I just came across this recipe as I am venturing into the Paleo world, as well as looking for recipes for my daughter who has really bad eczema and is off dairy, eggs (whites), wheat and soy. Do you think an egg replacer would work OK in this recipe? I’ll probably give it a try with the replacer I got from Whole Foods, but was wondering if anyone had already tried this recipe without eggs? I don’t know if ghee will work for her if she has to be dairy-free. Would coconut oil work the same? Thanks for any help/input! 🙂
We love nuts and they are decidedly paleo diet friendly. Be careful though, as cashews are high in fat and, for some reason, it’s incredibly easy to eat an entire jar of them in one sitting (that’s not just us, is it?). If you’re trying to lose weight, limit the amount of nuts you’re consuming. Otherwise, have at it. I mean, you can’t beat a good almond/pecan/walnut mix, can you?
My loaf came out beautifully, just like a regular loaf. The toothpick came out clean – twice! – but when I got past the third slice, the middle was hollow and the edges of the hollow area was raw.I cut it out and ate the rest, but I’m puzzled why the toothpick came out dry when it wasn’t cooked through. It is, however, the best gf bread I’ve ever had, and I will make it again. I did have to convert the temperature to Celsius, and I have a fan oven, so I will check that out.
Speaking from experience, you won’t be able to taste even the slightest coconut flavor in the bread, especially with just a small amount! Coconut flour has very unique properties compared to other flours (much more absorbent) and can’t be easily substituted. With how many tries it can take to get paleo baked goods to to have the right taste/texture, I recommend following Michelle’s recipe as written! 🙂
I think red meat from grain fed cattle and sheep IS bad for us . These animals were designed to eat grass. We were designed to eat meat, fat, vegetables , a few seeds and a little seasonal fruit. But never any kind of grain. ! When Man began farming and grain consumption , so began disease and illness. Today our food supply is being contaminated by Factory farming and GMOs.
OMGee! This is fantastic! Even my husband said this bread was amazing, and he normally dislikes anything made with almond flour. The ultimate test will be son, who I still buy normal bread for, as he doesn’t have to be gluten free, like my daughter and I. I didn’t put the palm shortening in as I didn’t have any, but don’t think it really needs it. I doubled the recipe (so glad I did), and used my English muffin rings, it made 6 of them. Enough for dinner tonight and lunch for my daughter tomorrow. Can’t wait to try more of your recipes!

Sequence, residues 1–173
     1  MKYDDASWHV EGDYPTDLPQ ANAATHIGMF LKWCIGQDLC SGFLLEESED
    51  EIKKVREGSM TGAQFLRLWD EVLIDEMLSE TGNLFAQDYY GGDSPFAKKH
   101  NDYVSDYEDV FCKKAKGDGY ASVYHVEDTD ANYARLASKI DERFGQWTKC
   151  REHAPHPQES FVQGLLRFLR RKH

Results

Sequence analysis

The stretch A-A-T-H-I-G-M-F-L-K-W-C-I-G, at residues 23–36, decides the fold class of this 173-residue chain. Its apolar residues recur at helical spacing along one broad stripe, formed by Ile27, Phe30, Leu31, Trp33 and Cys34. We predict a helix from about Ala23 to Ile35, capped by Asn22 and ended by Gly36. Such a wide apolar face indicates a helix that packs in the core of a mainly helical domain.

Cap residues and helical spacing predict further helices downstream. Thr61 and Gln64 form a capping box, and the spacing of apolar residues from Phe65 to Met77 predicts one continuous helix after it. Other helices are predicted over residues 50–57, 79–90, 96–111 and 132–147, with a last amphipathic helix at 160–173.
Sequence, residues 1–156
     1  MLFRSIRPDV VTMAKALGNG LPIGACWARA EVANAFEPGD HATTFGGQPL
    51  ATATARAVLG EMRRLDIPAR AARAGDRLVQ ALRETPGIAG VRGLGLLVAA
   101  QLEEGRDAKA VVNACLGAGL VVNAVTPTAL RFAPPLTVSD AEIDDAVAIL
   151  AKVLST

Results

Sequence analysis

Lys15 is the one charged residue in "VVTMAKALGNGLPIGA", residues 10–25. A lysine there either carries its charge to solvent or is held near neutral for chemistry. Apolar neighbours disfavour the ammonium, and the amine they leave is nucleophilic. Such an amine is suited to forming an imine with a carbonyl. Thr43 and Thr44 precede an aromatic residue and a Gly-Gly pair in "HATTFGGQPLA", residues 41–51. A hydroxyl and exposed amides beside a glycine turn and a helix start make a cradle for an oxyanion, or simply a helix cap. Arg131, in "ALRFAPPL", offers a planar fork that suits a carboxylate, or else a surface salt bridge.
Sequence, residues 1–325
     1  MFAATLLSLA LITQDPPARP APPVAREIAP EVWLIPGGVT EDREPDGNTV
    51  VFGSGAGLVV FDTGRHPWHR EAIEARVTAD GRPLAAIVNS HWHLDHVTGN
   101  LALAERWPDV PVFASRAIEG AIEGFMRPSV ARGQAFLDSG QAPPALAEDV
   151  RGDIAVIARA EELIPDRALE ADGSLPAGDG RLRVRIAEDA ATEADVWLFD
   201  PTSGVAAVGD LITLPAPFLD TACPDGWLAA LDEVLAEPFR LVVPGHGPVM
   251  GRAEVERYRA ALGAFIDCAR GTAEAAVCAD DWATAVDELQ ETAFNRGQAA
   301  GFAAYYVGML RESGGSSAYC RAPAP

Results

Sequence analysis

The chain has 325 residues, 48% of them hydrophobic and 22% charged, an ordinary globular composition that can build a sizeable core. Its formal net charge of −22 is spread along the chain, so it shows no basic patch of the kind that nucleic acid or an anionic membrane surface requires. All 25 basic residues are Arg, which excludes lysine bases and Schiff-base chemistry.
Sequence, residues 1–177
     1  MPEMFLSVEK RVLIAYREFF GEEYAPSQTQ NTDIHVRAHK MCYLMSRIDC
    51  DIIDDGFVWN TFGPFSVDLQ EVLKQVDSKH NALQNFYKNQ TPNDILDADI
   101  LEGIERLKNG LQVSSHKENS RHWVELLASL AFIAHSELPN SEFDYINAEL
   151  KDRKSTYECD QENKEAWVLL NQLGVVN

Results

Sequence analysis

Hi there. The bottom right features a bread that almost looks like it is made of poppy seeds. It’s a different color than expected. Maybe chia…So I was curious which recipe it could be. I may have missed it, but I don’t see the pictures captioned with their corresponding recipes and I looked at all the recipes and I don’t see that particular picture on the linked pages. Now I have to know which one that could be! Please let me know ; )
The Paleo Diet Cookbook: More than 150 recipes for Paleo Breakfasts, Lunches, Dinners, Snacks, and Beverages by Loren Cordain. Also contains two weeks of meal plans and shopping and pantry tips. Helps you lose weight and boost your health and energy by focusing on lean protein and non-starchy vegetables and fruits. Note that this is a very low-fat book and is being marketed as such. Published December 7, 2010.
The Paleolithic or “Paleo” diet seeks to address 21st century ills by revisiting the way humans ate during the Paleolithic era more than 2 million years ago. Paleo proponents state that because our genetics and anatomy have changed very little since the Stone Age, we should eat foods available during that time to promote good health. Our predecessors used simple stone tools that were not advanced enough to grow and cultivate plants, so they hunted, fished, and gathered wild plants for food. If they lived long enough, they were believed to experience less modern-day diseases like diabetes, cancer, and heart disease because of a consistent diet of lean meats and plant foods along with a high level of physical activity from intensive hunting. However, the life expectancy of our predecessors was only a fraction of that of people today. https://www.youtube.com/watch?v=PUNe5SEqDw8